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Thread: 4-Banger Weight

  1. #1
    CTB
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    4-Banger Weight

    Well, I met my goal of getting my 4B below 30 lb.





    Made me curious - has anyone ever scaled their Bangers? I haven't put any "exotic" parts on the bike, so there's still room to lose a little bit of weight, but I don't think much without sacrificing the usability and strength I have built in. The saddle is non-negotiable, but I could go with carbon bars, a carbon post (if anyone even makes a 26.8 in carbon), lighter Ergon grips (also not negotiable), a new BB/crankset (my Deore M510 and BB are 971g, so there's some room there), and so on. But that's all a lot of money. I could lose the bar ends, but I like having them. I've already converted the tires you see to tubeless with Stan's sealant, so other than an expensive, lighter wheelset, not much room there. (The Race King is 469g and the Mountain King is 580g, already pretty light for their size.)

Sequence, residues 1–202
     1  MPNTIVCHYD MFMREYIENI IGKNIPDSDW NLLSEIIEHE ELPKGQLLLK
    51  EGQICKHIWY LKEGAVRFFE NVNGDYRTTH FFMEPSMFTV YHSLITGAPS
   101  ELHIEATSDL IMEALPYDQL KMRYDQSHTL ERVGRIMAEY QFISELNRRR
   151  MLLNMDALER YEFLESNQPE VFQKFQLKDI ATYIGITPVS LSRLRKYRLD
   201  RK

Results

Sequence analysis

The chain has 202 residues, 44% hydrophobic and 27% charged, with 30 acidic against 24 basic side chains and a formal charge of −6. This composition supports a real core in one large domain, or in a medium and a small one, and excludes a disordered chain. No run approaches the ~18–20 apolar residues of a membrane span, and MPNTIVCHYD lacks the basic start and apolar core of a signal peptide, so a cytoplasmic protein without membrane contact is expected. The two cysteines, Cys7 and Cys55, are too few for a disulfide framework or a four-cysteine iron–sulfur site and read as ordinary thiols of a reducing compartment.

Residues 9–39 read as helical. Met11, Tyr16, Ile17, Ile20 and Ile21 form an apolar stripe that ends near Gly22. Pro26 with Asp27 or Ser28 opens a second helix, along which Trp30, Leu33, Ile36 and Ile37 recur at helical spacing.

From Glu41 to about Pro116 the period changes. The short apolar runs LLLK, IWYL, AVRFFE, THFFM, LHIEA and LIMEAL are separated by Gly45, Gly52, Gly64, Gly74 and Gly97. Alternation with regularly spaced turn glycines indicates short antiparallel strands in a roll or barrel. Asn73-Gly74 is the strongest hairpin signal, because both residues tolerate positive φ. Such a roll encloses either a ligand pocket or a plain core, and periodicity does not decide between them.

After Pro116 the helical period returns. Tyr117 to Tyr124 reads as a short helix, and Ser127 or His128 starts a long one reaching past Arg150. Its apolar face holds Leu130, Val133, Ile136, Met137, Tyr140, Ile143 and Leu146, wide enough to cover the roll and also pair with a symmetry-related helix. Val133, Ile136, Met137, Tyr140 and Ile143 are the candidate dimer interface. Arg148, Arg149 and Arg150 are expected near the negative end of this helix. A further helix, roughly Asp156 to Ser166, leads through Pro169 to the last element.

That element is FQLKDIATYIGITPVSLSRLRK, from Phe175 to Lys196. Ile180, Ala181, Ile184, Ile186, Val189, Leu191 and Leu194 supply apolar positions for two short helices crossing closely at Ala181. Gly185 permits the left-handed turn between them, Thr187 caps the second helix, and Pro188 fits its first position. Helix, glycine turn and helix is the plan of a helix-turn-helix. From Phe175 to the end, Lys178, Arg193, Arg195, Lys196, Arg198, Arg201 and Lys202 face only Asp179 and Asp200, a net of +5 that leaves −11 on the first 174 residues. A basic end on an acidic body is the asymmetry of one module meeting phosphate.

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    My Straight 6 was below 30 pounds (though now it's slightly above it again) with a reasonable build with no carbon. If you're interested, I can post it's spec sheet.

    EDIT: Sette makes a 26.8 seatpost in carbon if you're looking.

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    My 4 Banger Homegrown is around 28 pounds after putting it on a diet last winter.

    RaceFace also makes some light 26.8 posts.

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    CTB
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    B-Mech, you beat me to the request for your build. Thanks. Baulz, I'd love to see your build as well, plus what size frame both of you guys had. If I had a 17" frame like I need, that would drop a tiny bit of weight as well from my 19" frame. I'll post my build later for comparison.